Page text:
It's crazy that with all the services to which I subscribe, we can't find a movie we want. (We were also looking for the original Miracle on 34th Street, which is on Disney+.)
 

Jeffrey D

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I realize I am (mostly) preaching to the choir here, but...

Today my kids asked about the movie Elf. One of them had seen it in school a few years ago and the other had never seen it. Can we watch it? they asked. So I said, sure, let's search the streaming services and see where it is. I searched all the services to which we subscribe: Netflix, Amazon, Apple+, Disney+, HBOMax, CBS AA, Hulu; none of them have it. Tried ABC, NBC, FX, FoxNow and CW; nope. Amazon had it to rent for $3.99. My wife said, what about the blu-ray. That's $7.99. They all started yelling "Get the blu-ray! Get the blu-ray!"

It's crazy that with all the services to which I subscribe, we can't find a movie we want. (We were also looking for the original Miracle on 34th Street, which is on Disney+.)
A little surprising that a popular film isn’t on the numerous streaming services you listed.
What’s the name of that Bruce Springsteen song- 57 Channels And Nothing On- something like that.
 

Josh Steinberg

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But it’s not like the film isn’t available - it can be found easily for rental or purchase on the digital storefronts so if the goal is simply to see that movie instantly, that’s no trouble at all.

As for why it’s not on a subscription streaming service, whichever cable network has it now may temporarily have all broadcast/streaming rights - it happens fairly often that a movie will drop out of subscription streaming availability if a linear network has it.
 

Blu Eye

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I realize I am (mostly) preaching to the choir here, but...

Today my kids asked about the movie Elf. One of them had seen it in school a few years ago and the other had never seen it. Can we watch it? they asked. So I said, sure, let's search the streaming services and see where it is. I searched all the services to which we subscribe: Netflix, Amazon, Apple+, Disney+, HBOMax, CBS AA, Hulu; none of them have it. Tried ABC, NBC, FX, FoxNow and CW; nope. Amazon had it to rent for $3.99. My wife said, what about the blu-ray. That's $7.99. They all started yelling "Get the blu-ray! Get the blu-ray!"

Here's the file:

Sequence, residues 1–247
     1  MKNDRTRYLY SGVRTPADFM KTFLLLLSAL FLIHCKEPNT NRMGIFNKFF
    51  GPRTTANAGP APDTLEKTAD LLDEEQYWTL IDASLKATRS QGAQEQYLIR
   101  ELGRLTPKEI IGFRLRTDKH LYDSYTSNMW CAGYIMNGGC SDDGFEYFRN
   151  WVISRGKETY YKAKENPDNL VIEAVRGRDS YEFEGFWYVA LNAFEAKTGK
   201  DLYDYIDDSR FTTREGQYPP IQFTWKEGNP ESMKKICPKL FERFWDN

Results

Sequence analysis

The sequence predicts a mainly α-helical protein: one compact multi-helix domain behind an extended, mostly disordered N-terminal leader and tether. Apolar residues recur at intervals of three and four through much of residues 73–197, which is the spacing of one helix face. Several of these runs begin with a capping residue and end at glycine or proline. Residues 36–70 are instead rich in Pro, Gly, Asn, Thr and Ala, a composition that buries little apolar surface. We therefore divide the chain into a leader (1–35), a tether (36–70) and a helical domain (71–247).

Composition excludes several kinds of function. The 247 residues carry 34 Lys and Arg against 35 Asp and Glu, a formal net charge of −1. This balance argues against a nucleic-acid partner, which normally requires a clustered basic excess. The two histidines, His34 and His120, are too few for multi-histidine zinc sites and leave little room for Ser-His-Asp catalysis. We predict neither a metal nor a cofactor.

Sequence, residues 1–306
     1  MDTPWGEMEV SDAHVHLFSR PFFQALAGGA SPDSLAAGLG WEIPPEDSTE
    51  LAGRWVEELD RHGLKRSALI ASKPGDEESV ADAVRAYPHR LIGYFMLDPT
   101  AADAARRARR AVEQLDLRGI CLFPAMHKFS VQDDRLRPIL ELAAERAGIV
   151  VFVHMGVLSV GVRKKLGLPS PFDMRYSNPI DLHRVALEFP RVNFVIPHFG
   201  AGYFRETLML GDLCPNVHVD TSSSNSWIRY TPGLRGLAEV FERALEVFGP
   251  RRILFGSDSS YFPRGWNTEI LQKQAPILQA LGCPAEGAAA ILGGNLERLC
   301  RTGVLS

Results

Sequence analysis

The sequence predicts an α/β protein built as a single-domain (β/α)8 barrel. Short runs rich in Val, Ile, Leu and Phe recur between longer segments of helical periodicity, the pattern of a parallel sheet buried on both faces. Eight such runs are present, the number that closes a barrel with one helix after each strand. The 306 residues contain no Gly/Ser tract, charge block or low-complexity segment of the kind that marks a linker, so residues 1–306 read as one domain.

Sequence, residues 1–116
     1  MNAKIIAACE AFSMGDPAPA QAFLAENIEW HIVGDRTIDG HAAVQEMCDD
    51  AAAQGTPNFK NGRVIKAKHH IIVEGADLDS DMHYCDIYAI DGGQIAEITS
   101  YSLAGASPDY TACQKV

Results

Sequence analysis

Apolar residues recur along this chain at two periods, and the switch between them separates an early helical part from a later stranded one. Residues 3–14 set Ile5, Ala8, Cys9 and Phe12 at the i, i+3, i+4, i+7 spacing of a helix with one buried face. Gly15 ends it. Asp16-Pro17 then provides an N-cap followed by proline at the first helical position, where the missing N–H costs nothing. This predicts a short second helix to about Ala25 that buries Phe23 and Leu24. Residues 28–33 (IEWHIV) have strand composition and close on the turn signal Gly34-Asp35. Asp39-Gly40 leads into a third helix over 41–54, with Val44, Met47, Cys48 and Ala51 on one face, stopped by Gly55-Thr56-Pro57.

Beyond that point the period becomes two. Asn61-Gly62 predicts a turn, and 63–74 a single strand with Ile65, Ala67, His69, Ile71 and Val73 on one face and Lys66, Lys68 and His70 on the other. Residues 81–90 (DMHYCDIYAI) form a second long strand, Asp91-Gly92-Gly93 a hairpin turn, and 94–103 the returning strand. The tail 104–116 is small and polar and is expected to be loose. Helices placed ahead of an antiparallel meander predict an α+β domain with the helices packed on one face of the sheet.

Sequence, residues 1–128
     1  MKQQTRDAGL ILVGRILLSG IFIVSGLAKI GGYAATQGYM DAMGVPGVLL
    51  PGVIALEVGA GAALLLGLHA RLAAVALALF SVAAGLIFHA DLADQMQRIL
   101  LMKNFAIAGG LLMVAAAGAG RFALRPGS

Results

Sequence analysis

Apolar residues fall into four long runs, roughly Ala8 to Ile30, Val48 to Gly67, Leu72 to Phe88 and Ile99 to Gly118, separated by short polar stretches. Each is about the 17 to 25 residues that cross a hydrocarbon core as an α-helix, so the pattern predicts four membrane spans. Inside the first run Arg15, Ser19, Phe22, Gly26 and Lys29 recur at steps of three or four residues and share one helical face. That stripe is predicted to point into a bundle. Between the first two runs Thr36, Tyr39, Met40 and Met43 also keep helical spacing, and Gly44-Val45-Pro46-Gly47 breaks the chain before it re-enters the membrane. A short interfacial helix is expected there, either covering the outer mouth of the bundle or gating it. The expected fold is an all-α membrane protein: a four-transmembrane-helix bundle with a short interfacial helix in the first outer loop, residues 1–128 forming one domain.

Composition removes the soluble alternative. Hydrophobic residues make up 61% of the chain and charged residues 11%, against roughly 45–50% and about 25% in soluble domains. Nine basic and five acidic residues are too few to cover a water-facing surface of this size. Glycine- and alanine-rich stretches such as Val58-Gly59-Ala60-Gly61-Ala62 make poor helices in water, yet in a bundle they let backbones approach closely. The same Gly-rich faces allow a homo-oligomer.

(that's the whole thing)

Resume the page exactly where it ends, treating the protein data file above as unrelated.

It's crazy that with all the services to which I subscribe, we can't find a movie we want. (We were also looking for the original Miracle on 34th Street, which is on Disney+.)

Whilst I have commented on this particular issue with streaming previously it does still surprise me a little that Elf is not more widely available on more streaming services especially at this time of year.

Conversely, it may be that because it is a Christmas film it is probably not good business sense to have it available all year round and perhaps the company that owns the streaming rights to the movie is asking too much for most of the streaming businesses to justify spending for just one movie that will be watched predominantly in a 4 week window only then to be in not much demand therafter.

I suppose it's frustrating if you subscribe to a few monthly streaming services and then have to pay $3.99 or whatever to rent the film as it is not available with the companies you subscribe to. I know it would annoy me a bit, anyway.

I am watching with interest to see how the streaming services business model will change/adapt with customers changing viewing habits especially with younger generations.

Personally, I think the current plethora of available titles will be reduced going forward but time will tell.
 

John Dirk

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Whilst I have commented on this particular issue with streaming previously it does still surprise me a little that Elf is not more widely available on more streaming services especially at this time of year.

I don't believe this is practical for streaming only platforms like Netflix or the like. Their content is either produced in house for exclusive use by their subscribers or licensed through publishers for a specific period of time. They are not well positioned to provide licensed seasonal content. Further, it is unlikely you would ever find the same licensed content on competing streaming platforms anyway.